Hors-Sens

THE WILD FREE-ROAMING HORSES

AND BURROS ACT OF 1971
(PUBLIC LAW 92-195)

“To require the protection, management, and control of wild free- roaming horses and burros on public lands. Be it enacted by the Senate and House of Representatives of the United States of America in Congress assembled, That Congress finds and declares that wild free-roaming horses and burros are living symbols of the historic and pioneer spirit of the West; that they contribute to the diversity of life forms within the Nation and enrich the lives of the American people; and that these horses and burros are fast disappearing from the American scene. It is the policy of Congress that wild free-roaming horses and burros shall be protected from capture, branding, harassment, or death; and to accomplish this they are to be considered in the area where presently found, as an integral part of the natural system of the public lands.”

In 1971 the Wild Free-Roaming horses and Burros were a long way from disappearing at 27,000 head on our public lands.  Neither are they an integral part of the natural system of the public lands.   Horses are livestock, not wildlife, and need managed the same as cattle on our public lands.  When left unmanaged they cause the diversity of life on out public lands to decrease as is happening today.  Congress may find and declare all they want, but are unable to change nature.  The free-roaming horses may have needed a better management plan, but they didn’t need saved.

Velma Johnston, also known as Wild Horse Annie was a horsewoman who lived on “The Double Lazy Heart Ranch” along the Truckee River near Wadsworth Nevada.  She did not like the way mustangs were being treated in the area where she lived and decided they needed saved.  The result was The Wild Free-Roaming Horses & Burro Act of 1971.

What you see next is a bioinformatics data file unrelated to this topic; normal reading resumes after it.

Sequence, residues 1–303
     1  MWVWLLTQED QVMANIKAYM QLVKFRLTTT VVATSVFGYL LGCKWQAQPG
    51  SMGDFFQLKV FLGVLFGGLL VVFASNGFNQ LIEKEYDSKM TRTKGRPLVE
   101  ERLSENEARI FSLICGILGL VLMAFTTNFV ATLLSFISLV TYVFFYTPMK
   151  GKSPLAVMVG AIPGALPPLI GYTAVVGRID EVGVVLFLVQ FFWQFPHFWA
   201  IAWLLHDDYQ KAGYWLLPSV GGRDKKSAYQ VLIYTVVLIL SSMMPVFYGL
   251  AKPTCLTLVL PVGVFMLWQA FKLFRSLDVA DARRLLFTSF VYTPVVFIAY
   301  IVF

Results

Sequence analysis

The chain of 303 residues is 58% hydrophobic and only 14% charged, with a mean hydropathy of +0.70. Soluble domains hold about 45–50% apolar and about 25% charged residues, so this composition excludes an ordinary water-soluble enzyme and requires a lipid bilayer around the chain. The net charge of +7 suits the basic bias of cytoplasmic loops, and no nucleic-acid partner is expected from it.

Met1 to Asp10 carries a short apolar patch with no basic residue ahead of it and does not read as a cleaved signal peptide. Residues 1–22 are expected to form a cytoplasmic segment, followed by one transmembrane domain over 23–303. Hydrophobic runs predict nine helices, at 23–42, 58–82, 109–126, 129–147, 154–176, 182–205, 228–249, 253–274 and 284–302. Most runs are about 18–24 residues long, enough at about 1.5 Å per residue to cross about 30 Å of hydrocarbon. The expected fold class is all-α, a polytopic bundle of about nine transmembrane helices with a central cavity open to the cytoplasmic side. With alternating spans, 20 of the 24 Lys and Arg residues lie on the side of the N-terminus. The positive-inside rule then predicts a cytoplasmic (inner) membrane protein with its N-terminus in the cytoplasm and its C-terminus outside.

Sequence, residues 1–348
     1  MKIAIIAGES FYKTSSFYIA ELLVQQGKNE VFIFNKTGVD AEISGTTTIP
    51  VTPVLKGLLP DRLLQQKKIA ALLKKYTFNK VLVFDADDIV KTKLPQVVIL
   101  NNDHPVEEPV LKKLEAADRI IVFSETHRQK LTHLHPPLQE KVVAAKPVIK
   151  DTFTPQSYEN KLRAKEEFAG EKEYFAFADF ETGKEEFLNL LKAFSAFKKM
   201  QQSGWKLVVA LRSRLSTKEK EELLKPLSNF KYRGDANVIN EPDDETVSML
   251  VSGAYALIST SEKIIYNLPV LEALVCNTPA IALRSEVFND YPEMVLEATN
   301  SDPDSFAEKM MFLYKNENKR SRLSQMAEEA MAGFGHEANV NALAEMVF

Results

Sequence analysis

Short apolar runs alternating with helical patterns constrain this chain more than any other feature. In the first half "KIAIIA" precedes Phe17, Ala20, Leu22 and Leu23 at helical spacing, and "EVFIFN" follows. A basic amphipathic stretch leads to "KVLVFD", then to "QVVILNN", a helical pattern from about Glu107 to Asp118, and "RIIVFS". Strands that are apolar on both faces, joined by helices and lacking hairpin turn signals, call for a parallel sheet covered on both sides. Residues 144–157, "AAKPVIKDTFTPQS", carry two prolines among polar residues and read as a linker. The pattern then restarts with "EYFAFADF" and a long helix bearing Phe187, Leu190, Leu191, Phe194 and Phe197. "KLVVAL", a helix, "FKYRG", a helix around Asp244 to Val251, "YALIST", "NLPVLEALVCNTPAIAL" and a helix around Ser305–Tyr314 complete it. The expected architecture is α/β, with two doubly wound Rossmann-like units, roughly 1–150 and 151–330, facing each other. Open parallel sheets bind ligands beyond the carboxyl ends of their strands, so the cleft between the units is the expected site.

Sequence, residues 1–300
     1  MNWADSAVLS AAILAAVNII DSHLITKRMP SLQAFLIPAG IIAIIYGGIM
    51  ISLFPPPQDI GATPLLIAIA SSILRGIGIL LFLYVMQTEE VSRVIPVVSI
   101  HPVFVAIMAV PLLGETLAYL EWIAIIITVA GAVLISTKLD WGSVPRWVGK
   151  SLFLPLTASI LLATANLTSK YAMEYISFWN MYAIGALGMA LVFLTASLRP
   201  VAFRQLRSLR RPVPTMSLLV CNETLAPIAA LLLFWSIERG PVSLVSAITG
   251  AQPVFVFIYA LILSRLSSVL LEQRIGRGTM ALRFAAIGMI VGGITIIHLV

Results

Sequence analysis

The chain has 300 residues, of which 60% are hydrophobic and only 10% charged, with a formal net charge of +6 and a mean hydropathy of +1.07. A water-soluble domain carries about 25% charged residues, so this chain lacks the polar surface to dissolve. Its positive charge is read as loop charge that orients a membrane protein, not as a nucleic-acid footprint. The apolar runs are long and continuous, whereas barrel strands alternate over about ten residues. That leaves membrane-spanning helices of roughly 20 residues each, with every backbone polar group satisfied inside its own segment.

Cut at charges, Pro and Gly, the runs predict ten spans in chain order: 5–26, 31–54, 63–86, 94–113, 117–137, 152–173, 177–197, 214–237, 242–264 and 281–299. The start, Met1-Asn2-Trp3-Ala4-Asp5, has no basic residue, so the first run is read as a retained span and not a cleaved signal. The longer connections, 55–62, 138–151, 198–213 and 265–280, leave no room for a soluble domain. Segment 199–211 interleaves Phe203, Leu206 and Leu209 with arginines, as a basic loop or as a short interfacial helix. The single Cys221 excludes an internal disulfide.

As a young girl Wild Horse Annie watched her dad break mustangs to work and ride. She was raised around horses and mustangs and still didn’t have a clue about nature and horses in the Great Basin. She didn’t realize wild horses in the Great Basin would double their population every four years if it was left to nature. The WH & B Act of 1971 didn’t change nature, but did take the management of wild horses away from the ranchers and horse runners that were getting the job done and the wild horse population began doubling.   The WH & B Act fixed an imaginary problem by creating a real one!

Wild Horse Annie understood by 1975 that wild burros and horses needed managed and their population controlled. In 1975 Velma B. Johnson, Chairman-board of trustees for WHOA wrote Mr. Dave Cattoor a thank you for the way he handled wild horses while removing them from the range. At the same time, she blasted journalistic sensationalism by wild horse advocates.  She may have finally recognized wild horses need to be managed.[1] Unfortunately the realization came after the WH & B Act of 1971 had become law.

After 45 years of failure the Act needs repealed, changed or replaced.  Only Congress has the power to stop the damage to the range and end the suffering it causes our wild horses.  Write your legislators and let them know you want change.

 






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